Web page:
I seem to remember someone, somewhere, writing, or saying, something to this effect; that if all men were to talk only on the matters on which they were expert a deathly silence would cover the world. You will appreciate that it would not be my wish to say anything which could reduce this gathering to such a state. Mind you, as a result of what I have read of the Congress Proceedings and as a result of what I have heard at the meetings I have attended, I feel so little expert on anything that I gravely doubt that I could reduce you to this state, even ware I to try very hard. Even so I do not propose to take any chances and, very rashly I suppose, I will venture into matters which are not really my concern - or, if they are my concern, then they are so in the sense that they should be the concern of everyone - and I take my thesis from the heading of an article written by our President, Dr. H.B. Tukey, in the March 1964 issue of Chronica Horticulturae -“Challenge and Opportunity”, Equally well could I have taken my thesis from the title of the paper which was distributed to all members of the Tenth International Botanical Congress meeting in Edinburgh, in August 1964 - a paper written by Professor Riker on behalf of The National Academy of Sciences of the U. S. A. and entitled. “Some Opportunities and Challenges in the Plant Sciences”. However, Dr. Tukey clearly has the priority.

But this apart; in view of the fact that in her splendid message to the Congress at its Opening, our Honorary President, Mrs. Lyndon Baines Johnson, spoke of the challenges and opportunities in horticulture today, it is clearly appropriate that I speak on this same matter this evening, for Dr. Tukey tells me that he regards this Banquet as the real end of the Congress. For those of you who may be interested, it would appear that the closing session tomorrow morning will be the briefest on record.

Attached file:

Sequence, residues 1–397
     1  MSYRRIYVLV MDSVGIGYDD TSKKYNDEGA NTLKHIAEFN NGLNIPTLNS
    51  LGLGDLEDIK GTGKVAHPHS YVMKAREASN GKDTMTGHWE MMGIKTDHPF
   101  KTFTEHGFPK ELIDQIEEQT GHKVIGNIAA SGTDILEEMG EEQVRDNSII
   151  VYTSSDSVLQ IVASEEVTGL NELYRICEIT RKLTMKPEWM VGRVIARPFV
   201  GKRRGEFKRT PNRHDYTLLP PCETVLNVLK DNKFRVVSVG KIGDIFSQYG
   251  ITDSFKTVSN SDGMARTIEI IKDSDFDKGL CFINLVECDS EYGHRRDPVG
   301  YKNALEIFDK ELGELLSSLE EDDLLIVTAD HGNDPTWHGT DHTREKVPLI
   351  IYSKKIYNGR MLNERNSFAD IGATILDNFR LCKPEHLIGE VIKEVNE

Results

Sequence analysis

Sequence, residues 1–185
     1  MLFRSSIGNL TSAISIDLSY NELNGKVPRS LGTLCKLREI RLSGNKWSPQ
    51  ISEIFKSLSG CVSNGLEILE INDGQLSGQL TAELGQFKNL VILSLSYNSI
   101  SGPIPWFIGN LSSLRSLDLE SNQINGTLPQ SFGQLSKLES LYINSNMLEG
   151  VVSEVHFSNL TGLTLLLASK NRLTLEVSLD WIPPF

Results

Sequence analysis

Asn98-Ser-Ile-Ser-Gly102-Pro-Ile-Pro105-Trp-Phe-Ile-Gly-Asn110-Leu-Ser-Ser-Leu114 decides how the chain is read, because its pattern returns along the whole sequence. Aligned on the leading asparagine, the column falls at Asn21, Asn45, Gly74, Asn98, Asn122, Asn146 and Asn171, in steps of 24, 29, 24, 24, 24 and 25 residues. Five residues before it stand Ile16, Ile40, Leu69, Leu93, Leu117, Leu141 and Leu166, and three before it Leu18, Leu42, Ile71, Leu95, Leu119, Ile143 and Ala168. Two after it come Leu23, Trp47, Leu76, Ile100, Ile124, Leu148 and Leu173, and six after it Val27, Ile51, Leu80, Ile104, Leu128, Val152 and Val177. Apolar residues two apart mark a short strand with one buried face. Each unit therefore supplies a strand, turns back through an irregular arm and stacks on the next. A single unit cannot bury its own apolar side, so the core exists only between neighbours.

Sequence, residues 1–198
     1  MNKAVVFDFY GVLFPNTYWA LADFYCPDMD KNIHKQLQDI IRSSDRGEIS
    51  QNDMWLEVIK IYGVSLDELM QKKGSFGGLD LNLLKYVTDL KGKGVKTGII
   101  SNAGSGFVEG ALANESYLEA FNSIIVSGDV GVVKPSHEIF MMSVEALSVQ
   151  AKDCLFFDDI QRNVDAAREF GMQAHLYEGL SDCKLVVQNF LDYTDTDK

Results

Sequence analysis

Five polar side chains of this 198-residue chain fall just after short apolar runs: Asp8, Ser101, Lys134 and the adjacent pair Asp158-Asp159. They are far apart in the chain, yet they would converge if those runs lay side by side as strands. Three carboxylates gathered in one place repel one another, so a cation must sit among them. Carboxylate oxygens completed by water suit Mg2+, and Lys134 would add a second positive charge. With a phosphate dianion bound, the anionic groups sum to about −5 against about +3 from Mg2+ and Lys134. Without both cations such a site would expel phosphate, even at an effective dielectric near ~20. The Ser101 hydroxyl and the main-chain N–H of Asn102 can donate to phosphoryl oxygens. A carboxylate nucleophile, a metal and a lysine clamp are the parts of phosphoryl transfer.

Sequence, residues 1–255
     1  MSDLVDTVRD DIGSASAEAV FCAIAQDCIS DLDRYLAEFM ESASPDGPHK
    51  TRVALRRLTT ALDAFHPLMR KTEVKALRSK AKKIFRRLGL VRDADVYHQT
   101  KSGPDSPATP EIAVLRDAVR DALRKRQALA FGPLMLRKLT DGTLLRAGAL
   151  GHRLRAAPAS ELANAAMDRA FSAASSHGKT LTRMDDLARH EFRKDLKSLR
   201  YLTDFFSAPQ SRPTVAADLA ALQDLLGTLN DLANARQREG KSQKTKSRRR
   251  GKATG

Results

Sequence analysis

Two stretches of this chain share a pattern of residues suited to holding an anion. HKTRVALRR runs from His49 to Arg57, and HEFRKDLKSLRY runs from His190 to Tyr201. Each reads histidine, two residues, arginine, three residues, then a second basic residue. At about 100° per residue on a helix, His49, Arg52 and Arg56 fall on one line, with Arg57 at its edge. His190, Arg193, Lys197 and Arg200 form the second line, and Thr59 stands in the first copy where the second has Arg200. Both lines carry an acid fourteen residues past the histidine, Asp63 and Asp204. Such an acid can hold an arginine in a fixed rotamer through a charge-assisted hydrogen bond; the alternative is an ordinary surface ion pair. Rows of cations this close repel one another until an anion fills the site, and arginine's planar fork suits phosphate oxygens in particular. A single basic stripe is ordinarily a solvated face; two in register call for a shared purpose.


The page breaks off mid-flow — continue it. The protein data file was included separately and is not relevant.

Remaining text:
Everyone attending this Congress is aware of the tremendous strides which horticulture - almost every aspect of it - has taken in the course of this century. Almost everywhere, throughout the temperate regions of the world - troughout the predominantly industrialized and wealthy north - there has been the development of horticultural research stations, horticultural advisory services, increased horticultural educational facilities, increased specialization in the horticultural industry with vastly improved mechanization of production methods. Especially has there been an increase in basic scientific knowledge and technology - and it is obvious that the future will yield far greater increases to such knowledge. Who doubts for a moment, for instance, that there will be further additions to the bewildering array of new weed killers, fungicides and insecticides, systemic and otherwise; that there will be additions to our knowledge of plant disease control by antibiotics that disease resistant cultivars of fruits, vegetables, and ornamentals, with other desirable qualities, will be bred; additions to our knowledge of the mechanism

, . (1966). CHALLENGE AND OPPORTUNITY. Acta Hortic. 5, 5-12
DOI: 10.17660/ActaHortic.1966.5.1

Acta Horticulturae